Only hours before I was to attend the media screening for Of Gods And Men, which details the events leading up to the murder of French monks by Muslim extremists in Algeria, news broke that US forces had located and killed Al Quaeda terrorist leader, Osama bin Laden. You could say that was ironic – Christian forces trumping Muslim terrorists and countering said film's subject matter – but that would be a simplistic and unfair reading of the film.
For French director Xavier Beauvois's Of Gods And Men is not a “Christian = good, Muslim = bad” treatise. His retelling of those fateful events in Algeria 1993-96 is mostly a study of unwavering devotion to one's faith in the face of great personal danger.
Yes, the collective of Trappist monks – eight men all originally from France – are Christians but the extent of any proselytizing, within the film and the monastery, remains within that monastery's four walls; most of Beauvois's film focusses on the monks' day-to-day rituals (it's deliberately paced (i.e. slow) but never dull or boring) of prayer, gardening and the operation of a medical clinic in the local village.
The monks (played by French actors including Lambert Wilson, Michael Lonsdale, Olivier Rabourdin, Philippe Laudenbach) have been welcomed as a part of the community – tending the sick, providing clothing and shoes where needed, attending local Muslim celebrations – long before political and religious events took hold. Warned by authorities that it is unwise and unsafe to remain, the monks choose not abandon the community which has supported them.
Of course, in the wake of September 11 one's religion, which should always be a private matter between one's self and the deity of their choosing, has become political. Even here in Australia, a so-called secular society, shock jocks, lazy media and lowest common denominator politicians use a distorted reading of Islam to instill fear: Muslim extremists equal all Muslims.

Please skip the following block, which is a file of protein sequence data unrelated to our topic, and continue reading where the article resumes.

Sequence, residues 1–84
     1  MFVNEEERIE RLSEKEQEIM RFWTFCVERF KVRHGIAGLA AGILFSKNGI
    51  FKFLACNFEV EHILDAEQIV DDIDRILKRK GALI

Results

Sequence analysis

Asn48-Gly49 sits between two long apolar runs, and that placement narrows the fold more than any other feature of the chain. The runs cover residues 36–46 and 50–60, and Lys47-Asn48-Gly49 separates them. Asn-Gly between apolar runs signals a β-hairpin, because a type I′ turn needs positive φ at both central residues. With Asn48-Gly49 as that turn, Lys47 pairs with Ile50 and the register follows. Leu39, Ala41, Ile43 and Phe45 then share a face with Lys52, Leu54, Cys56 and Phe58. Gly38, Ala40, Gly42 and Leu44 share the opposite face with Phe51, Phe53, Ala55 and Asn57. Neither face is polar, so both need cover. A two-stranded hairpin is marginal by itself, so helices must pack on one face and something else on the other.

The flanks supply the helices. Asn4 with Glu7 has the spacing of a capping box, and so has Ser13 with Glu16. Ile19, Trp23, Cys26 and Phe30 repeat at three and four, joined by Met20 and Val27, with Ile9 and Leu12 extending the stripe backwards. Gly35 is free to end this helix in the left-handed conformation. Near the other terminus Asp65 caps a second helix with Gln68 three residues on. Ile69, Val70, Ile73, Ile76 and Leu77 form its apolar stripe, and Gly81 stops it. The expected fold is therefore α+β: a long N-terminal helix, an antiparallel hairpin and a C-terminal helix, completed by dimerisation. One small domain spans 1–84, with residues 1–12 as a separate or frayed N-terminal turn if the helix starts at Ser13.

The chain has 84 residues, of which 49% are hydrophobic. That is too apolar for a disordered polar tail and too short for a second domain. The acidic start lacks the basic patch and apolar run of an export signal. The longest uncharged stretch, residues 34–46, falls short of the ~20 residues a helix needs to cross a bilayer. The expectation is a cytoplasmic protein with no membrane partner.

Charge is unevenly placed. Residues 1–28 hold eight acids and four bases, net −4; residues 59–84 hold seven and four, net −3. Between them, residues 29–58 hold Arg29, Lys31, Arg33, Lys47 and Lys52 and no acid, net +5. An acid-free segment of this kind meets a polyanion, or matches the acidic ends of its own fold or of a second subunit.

Never mind that Christianity has its own extremists: the Ku Klux Klan, those who bomb abortion clinics, and even the cult which recently predicted – incorrectly – the Rapture on May 21. But they're always labelled as “rogue” or “fringe” elements, not indicative of the Christian faith as a whole. Go figure.
Of Gods And Men doesn't preach the greatness of Christianity, but nor does it the “evils” of Islam: it celebrates the beauty and heroism of devout faith. As a professed atheist, I can admire, and at times envy, the ability to believe in something greater than one's self and the courage to commit to those beliefs wholeheartedly.
That appreciation doesn't include or endorse suicide bombings or the bombing of abortion clinics. Or the murders of eight innocent men, whatever their religion. And if there is a “god”, I doubt they'd endorse such acts of “devotion” either.